By Mike Richardson
Our agility as organizations, teams and executives is being tested like never before these days, and we’ve become prone to falling for mythical solutions. Instead, what are the secrets of agility which separate the winners and losers, the victors and victims, and the minority from the majority?
|Getting Overwhelmed||Getting Organized|
|Falling Behind||Pulling Ahead|
|Wondering Why||Knowing Why(and what/when/where/how/who)|
For the majority, organizational agility is an ordeal. They are increasingly getting overwhelmed, falling behind and wondering why. On the other hand, the minority are increasingly getting organized for agility, are pulling ahead and knowing why — not only knowing why, but also knowing what agility is (and what it is not), when you have it (and when you don’t), where it comes from, how you develop it and who you need to be in the process. At the core, they understand one of the secrets of agility:
For organizational agility to not be an ordeal, it has to be an ‘and-deal’ not an ‘or-deal,’ facilitated by a paradigm shift of focus.
Organizational agility is an “AND” proposition. This is the first of three secrets of organizational agility which we will review, corresponding to the three myths of organizational agility:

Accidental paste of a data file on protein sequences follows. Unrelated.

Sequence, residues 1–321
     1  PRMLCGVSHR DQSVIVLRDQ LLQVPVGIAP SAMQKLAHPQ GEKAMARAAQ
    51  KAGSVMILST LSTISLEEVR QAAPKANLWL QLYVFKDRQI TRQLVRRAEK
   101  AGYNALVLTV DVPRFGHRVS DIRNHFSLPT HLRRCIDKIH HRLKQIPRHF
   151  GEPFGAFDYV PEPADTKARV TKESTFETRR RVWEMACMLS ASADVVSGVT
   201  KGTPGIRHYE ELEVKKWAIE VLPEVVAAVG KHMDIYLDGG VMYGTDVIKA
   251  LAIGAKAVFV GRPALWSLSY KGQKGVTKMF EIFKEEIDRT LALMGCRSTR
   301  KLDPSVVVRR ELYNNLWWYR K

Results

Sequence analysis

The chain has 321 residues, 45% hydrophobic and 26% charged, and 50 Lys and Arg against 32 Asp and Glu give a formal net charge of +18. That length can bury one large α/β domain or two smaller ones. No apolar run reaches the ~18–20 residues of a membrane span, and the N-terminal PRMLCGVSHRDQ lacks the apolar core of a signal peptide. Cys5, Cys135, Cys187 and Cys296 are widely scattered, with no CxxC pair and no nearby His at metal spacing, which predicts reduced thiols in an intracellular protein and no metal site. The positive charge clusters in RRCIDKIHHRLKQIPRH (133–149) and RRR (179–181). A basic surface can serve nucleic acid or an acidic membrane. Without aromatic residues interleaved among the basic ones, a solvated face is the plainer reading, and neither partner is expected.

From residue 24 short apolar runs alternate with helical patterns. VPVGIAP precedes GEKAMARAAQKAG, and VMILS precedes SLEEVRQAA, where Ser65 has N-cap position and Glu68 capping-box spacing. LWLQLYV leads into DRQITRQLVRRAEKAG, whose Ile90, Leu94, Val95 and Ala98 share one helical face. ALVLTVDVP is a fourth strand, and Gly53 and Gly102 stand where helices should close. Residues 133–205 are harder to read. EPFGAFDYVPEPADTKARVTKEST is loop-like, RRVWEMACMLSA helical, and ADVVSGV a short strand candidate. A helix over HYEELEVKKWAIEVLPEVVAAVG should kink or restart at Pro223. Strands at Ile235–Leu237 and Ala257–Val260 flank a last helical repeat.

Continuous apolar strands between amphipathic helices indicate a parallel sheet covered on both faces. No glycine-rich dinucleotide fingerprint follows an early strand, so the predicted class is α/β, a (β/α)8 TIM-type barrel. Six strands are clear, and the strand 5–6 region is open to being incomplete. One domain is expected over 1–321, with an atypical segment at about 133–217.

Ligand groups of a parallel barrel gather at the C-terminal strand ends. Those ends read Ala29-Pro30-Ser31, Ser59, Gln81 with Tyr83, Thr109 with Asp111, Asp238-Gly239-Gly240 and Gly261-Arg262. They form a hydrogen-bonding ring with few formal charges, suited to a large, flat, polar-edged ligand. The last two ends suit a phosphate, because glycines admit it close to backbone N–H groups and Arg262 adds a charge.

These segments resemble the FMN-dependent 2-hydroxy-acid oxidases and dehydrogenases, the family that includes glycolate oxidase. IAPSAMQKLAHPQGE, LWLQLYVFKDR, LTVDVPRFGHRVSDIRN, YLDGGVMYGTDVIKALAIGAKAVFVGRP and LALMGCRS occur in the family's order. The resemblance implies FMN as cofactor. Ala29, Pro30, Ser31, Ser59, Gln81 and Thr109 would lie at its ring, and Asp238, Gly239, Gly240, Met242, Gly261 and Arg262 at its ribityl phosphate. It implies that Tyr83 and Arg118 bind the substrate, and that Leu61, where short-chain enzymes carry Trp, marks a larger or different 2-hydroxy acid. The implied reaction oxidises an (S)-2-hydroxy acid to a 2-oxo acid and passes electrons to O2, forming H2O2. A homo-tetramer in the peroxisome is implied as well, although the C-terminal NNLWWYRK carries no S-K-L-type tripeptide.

|Loose & Unstructured||“AND” Proposition|
|KISS (Keep It Simple Stupid)||Integration, Alignment, Attunement|
|Cash is King||Flow / Triage / Calm|
|Amazing Grind||Amazing Grace|
Executives, teams and organizations that learn, apply and achieve the secrets of agility have “amazing grace.” They are in the minority. Those who continue to subscribe to the myths of agility experience an “amazing grind.” They are in the majority. Follow along in the coming weeks to discover the secrets which separate the minority from the majority.
Sustained success in business is increasingly challenging these days. Being in the minority not the majority starts with understanding the why, what, when, where, how and who of organizational agility. Find out more at In the Driving Seat.
Originally published: Aug 25, 2011